In his meltdown after being asked by Chris Wallace if he had done enough to get Osama bin Laden, President Clinton implored us, time, and time, and time, and time again, that if we think he didn't do enough to get bin Laden, all we have to do is read Richard Clarke's book - Against All Enemies: Inside America’s War on Terror.
Is placing his fate in the hands of Richard Clarke the best defense that this former leader of the free world can come up with? As soon as the Former president invoked the name of Clarke my antennae went up.
I started scratching the old memory pool. I remembered Charles Krauthammer's 2004 "Sept. 11, Lies and 'Mistakes'
Krauthammer took Clarke to task for laying blame for the 9/11 attacks on the Bush administration:
The 1990s were al Qaeda's springtime: Blissfully unmolested in Afghanistan, it trained, indoctrinated, armed and, most fatally, planned. For the United States, this was a catastrophic lapse, and in a March 2002 interview on PBS's "Frontline," Clarke admitted as much: "I believe that, had we destroyed the terrorist camps in Afghanistan earlier, that the conveyor belt that was producing terrorists, sending them out around the world would have been destroyed." Instead, "now we have to hunt [them] down country by country."
What should we have done during those lost years? Clarke answered: "Blow up the camps and take out their sanctuary. Eliminate their safe haven, eliminate their infrastructure. . . . That's . . . the one thing in retrospect I wish had happened."
It did not. And who was president? Bill Clinton. Who was the Clinton administration's top counterterrorism official? Clarke. He now says that no one followed his advice. Why did he not speak out then? And if the issue was as critical to the nation as he now tells us, why didn't he resign in protest?
[. . .]
The "Frontline" interviewer asked Clarke whether failing to blow up the camps and take out the Afghan sanctuary was a "pretty basic mistake."
Clarke's answer is unbelievable: "Well, I'm not prepared to call it a mistake. It was a judgment made by people who had to take into account a lot of other issues. . . . There was the Middle East peace process going on. There was the war in Yugoslavia going on. People above my rank had to judge what could be done in the counterterrorism world at a time when they were also pursuing other national goals."
This is significant for two reasons. First, if the Clarke of 2002 was telling the truth, then the Clarke of this week -- the one who told the Sept. 11 commission under oath that "fighting terrorism, in general, and fighting al Qaeda, in particular, were an extraordinarily high priority in the Clinton administration -- certainly [there was] no higher priority" -- is a liar.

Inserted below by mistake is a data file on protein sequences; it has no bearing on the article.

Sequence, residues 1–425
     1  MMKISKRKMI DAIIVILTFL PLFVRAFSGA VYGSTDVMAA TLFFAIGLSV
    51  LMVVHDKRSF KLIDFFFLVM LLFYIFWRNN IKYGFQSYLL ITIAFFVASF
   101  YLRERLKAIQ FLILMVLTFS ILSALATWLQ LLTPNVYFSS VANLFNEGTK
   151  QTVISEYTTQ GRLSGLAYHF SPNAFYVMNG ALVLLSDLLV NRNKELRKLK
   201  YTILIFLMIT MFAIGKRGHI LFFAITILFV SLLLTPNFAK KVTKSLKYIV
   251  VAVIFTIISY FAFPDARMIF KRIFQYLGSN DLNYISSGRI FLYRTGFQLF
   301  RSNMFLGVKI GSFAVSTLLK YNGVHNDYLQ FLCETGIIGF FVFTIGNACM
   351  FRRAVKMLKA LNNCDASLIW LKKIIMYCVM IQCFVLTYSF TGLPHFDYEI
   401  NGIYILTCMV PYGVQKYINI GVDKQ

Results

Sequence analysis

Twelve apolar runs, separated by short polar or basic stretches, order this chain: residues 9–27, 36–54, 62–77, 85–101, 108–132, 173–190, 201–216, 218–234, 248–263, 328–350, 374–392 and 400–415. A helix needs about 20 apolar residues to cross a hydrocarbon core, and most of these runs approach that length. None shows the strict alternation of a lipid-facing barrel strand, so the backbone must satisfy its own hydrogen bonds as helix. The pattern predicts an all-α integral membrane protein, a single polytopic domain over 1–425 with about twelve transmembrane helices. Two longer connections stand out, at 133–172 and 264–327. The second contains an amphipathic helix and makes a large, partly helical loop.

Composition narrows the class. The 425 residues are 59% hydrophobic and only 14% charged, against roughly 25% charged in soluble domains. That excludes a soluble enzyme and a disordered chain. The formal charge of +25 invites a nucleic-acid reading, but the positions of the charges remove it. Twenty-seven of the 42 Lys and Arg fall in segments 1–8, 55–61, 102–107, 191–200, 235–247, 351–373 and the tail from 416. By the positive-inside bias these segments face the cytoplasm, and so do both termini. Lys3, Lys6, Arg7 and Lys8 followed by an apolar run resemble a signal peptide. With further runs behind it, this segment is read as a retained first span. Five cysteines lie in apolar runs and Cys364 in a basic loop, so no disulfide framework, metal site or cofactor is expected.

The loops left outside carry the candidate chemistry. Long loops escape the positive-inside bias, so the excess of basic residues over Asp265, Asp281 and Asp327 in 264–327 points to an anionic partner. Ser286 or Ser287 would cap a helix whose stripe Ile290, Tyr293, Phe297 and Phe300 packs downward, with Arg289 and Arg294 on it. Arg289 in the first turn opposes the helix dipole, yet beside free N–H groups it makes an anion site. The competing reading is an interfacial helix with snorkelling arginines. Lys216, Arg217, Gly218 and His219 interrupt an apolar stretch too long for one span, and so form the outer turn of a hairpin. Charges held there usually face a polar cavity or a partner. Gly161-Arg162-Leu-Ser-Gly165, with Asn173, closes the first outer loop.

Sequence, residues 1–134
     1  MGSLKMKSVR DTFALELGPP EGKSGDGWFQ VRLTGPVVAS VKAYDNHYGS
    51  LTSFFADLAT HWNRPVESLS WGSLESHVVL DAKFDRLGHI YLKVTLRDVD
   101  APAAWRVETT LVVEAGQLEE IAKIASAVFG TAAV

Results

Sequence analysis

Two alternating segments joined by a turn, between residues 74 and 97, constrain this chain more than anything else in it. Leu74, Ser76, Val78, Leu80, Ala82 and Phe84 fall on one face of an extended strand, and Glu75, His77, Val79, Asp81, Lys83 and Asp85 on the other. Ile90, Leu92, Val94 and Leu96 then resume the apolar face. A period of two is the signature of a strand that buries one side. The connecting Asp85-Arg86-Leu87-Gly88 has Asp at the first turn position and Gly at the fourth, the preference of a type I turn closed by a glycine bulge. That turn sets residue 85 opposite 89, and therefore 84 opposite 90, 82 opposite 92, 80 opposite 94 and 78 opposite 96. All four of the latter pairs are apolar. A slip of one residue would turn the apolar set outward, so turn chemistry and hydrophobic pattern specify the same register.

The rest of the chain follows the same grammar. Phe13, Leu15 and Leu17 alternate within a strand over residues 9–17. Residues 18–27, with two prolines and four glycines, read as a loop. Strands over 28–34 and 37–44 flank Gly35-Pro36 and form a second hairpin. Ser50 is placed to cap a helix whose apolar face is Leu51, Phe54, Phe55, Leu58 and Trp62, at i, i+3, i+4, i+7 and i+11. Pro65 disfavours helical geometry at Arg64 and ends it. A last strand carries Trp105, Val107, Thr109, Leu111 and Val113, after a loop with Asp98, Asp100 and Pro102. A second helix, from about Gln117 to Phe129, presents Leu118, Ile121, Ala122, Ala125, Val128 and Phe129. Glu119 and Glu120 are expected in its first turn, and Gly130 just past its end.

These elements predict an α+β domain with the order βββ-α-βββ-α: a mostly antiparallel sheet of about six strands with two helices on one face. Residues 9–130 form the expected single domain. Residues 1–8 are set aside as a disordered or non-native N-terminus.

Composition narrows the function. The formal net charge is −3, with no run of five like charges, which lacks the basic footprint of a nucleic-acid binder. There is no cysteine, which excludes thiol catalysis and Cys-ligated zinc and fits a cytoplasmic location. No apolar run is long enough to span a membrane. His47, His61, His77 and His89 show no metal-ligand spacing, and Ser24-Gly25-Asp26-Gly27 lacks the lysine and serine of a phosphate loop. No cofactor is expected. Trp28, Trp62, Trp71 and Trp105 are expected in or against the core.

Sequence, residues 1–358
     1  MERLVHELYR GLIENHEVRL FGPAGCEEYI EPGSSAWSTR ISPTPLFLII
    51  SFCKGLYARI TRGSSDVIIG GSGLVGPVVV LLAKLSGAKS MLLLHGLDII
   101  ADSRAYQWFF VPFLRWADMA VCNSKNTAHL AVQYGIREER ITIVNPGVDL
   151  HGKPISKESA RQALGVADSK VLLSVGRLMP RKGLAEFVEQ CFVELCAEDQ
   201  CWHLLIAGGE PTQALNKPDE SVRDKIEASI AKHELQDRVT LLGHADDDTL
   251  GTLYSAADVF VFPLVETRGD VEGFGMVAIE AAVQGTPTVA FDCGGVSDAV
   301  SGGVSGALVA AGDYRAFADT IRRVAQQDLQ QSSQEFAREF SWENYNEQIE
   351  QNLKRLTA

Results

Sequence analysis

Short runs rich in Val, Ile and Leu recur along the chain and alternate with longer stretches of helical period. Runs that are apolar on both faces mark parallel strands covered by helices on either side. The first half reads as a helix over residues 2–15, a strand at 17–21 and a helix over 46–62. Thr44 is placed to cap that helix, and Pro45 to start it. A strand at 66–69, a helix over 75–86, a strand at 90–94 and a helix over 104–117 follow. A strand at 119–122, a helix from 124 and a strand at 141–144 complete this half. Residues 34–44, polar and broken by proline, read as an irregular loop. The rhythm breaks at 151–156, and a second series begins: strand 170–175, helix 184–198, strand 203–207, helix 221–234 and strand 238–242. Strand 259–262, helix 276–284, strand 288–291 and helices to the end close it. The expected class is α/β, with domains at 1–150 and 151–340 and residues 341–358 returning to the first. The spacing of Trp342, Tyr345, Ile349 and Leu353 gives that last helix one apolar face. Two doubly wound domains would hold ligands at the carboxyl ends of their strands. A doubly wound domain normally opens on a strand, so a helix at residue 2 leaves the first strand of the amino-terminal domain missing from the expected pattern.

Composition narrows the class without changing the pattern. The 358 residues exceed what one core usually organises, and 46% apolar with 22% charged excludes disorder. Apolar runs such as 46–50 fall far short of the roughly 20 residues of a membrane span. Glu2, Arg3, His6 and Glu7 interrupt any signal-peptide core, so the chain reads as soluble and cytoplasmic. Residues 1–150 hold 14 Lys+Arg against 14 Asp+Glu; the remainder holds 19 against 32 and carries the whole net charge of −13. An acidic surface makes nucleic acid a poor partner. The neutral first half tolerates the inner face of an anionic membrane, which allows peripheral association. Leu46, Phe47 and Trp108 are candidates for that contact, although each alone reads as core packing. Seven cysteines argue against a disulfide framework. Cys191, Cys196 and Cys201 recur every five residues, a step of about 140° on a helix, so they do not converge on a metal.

Second, he becomes not just a perjurer but a partisan perjurer. He savages Bush for not having made al Qaeda his top national security priority, but he refuses even to call a "mistake" Clinton's staggering dereliction in putting Yasser Arafat and Yugoslavia(!) above fighting al Qaeda.
Byron York, National Review’s White House correspondent, takes Clinton's Clarke defense apart piece by piece.
York writes that when Clinton met resistence in getting the forces at his command to go after bin Laden, Clinton gave up. York uses four citations to Clarke's book to demolish Clinton's Clarke defense.
The former president also raised the wagging of the dog in his defense. Wag the dog is a reference to the theory, conspiracy if you like, that the cruise missile attacks Clinton ordered after the bombings of U.S. embassies in Kenya and Tanzania were unnecessary and only meant to distract from the president's Lewinski troubles. Clinton tried to use it as an excuse, imoplying that had he done more he would be accuse of wagging the dog.
ABC's Jake Tapper counters this, reminding us that most lawmakers from both parties were quick to rally behind Clinton. Tapper points out that Senators Ashcroft, Coats, and Specter did raise wag the dog, but the "mainstream" media did a lot more to raise the wag the dog theory, than did the GOP leadership apparatus.
President Clinton also used his Republican secretary of defense, William Cohen, as a shield against the perceived criticism. Krauthammer in his "Sept. 11, Lies and 'Mistakes'" article contains a passage which explains why invoking Cohen in his defense was also a mistake on Clinton's part:
As Clinton Defense Secretary William Cohen testified, three times the CIA was ready with plans to assassinate Osama bin Laden. Every time, Clinton stood them down, because "we're not quite sure."
When I first saw the teaser footage Fox released showing the former president becoming unhinged, I thought this must have been a prepared temper tantrum designed to gain some political advantage. After watching the whole interview I believe Clinton just snapped, he seemed truly out of control. If you haven't seen the interview, you should watch it so you can form your own opinion about the former president's tirade. The You Tube video can be watched below and the FoxNews transcript is available here.